Grupe_2007_AJ_133_2216.pdf (133.92 kB)
Redshift filtering by Swift apparent X-ray column density
journal contributionposted on 2012-10-24, 08:56 authored by D. Grupe, J. A. Nousek, D. E. vanden Berk, P. W. A. Roming, D. N. Burrows, O. Godet, J. Osborne, N. Gehrels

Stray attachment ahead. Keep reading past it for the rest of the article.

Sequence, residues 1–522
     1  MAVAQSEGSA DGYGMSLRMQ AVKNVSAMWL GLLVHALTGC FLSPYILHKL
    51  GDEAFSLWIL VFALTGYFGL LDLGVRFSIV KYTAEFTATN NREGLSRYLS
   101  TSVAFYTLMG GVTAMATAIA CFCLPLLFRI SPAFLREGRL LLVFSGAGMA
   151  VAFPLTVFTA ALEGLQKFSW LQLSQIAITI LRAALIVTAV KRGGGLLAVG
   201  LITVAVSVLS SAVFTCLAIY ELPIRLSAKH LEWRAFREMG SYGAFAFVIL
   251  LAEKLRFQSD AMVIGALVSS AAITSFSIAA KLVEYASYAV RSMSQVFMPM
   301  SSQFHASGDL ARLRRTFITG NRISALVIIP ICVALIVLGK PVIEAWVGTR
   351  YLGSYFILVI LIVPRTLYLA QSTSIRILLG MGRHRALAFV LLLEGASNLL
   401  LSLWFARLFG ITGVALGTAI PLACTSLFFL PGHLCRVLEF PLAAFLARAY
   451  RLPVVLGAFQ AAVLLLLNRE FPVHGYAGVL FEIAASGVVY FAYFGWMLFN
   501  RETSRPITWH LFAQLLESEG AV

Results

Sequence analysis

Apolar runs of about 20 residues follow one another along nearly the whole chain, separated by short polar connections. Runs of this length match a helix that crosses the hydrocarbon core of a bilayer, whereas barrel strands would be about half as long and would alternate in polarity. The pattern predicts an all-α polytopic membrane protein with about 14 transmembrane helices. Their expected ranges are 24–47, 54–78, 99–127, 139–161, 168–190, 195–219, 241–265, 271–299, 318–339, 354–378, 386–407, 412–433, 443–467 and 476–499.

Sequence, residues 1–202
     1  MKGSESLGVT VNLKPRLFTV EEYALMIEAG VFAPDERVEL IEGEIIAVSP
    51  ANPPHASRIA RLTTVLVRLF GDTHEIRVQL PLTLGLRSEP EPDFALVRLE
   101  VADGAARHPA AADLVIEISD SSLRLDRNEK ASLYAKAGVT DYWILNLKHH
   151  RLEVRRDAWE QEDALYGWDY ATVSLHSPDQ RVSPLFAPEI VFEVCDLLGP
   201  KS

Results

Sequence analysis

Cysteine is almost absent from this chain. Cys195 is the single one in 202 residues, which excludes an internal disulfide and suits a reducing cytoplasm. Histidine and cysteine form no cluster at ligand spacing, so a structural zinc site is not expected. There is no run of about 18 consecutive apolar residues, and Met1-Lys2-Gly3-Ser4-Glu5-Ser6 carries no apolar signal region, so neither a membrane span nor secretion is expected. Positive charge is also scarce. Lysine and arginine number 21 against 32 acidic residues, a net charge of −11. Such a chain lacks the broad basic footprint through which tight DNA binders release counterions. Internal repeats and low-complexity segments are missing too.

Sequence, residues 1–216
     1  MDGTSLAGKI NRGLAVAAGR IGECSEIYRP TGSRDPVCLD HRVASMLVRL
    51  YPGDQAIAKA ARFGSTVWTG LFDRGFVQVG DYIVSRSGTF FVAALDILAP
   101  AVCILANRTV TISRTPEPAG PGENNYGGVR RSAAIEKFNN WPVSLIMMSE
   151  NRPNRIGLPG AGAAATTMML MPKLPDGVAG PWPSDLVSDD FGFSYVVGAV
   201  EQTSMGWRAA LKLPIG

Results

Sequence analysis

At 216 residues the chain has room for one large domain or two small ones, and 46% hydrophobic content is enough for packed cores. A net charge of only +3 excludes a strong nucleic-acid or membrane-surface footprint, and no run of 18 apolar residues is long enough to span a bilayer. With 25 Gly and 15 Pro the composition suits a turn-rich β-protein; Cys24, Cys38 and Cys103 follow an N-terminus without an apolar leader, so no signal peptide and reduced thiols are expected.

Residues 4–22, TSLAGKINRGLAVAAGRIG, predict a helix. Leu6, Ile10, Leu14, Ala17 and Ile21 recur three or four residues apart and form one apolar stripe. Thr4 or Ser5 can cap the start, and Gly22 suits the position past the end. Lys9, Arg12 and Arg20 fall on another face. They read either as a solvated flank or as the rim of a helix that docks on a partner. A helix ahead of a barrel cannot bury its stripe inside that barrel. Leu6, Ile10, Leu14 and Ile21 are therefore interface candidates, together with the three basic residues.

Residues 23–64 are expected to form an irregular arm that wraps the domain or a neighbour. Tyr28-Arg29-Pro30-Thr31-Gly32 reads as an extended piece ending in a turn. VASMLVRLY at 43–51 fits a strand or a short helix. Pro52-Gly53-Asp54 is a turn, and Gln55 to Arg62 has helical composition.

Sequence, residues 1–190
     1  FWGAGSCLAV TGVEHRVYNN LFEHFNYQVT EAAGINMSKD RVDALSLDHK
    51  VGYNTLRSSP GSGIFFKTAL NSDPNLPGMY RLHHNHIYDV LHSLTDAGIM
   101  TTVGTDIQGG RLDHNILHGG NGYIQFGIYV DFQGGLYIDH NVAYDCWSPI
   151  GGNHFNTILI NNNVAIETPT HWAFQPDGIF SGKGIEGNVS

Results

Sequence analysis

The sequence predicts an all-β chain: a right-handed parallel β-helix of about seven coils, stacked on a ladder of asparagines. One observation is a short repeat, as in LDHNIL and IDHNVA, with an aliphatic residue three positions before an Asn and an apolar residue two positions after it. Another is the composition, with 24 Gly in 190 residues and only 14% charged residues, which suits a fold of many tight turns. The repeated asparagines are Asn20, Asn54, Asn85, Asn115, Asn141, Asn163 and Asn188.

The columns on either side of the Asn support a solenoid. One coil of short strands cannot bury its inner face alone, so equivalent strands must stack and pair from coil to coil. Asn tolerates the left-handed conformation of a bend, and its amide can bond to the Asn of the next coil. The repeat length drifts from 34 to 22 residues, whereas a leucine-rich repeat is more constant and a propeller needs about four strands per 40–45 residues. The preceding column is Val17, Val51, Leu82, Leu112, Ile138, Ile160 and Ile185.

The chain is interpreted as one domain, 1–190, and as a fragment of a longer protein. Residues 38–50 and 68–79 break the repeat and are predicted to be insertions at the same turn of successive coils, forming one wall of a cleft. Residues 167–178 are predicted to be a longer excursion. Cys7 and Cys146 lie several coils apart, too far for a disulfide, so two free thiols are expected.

We remark on the utility of an observational relation between the absorption column density in excess of the Galactic absorption column density, Delta N[SUBSCRIPT H] = N[SUBSCRIPT H, fit] - N[SUBSCRIPT H, gal], and redshift, z, determined from all 55 Swift-observed long bursts with spectroscopic redshifts as of 2006 December. The absorption column densities, N[SUBSCRIPT H, fit] are determined from power-law fits to the X-ray spectra with the absorption column density left as a free parameter. We find that higher excess absorption column densities with Delta N[SUBSCRIPT H] > 2 x 10^21 cm^- 2 are only present in bursts with redshifts z < 2. Low absorption column densities with Delta N[SUBSCRIPT H] < 1 x 10^21 cm ^-2 appear preferentially in high-redshift bursts. Our interpretation is that this relation between redshift and excess column density is an observational effect resulting from the shift of the source rest-frame energy range below 1 keV out of the X-Ray Telescope observable energy range for high-redshift bursts. We find a clear anticorrelation between Delta N[SUBSCRIPT H] and z that can be used to estimate the range of the maximum redshift of an afterglow. A critical application of our finding is that rapid X-ray observations can be used to optimize the instrumentation used for ground-based optical/near-IR follow-up observations. Ground-based spectroscopic redshift measurements of as many bursts as possible are crucial for gamma-ray burst science.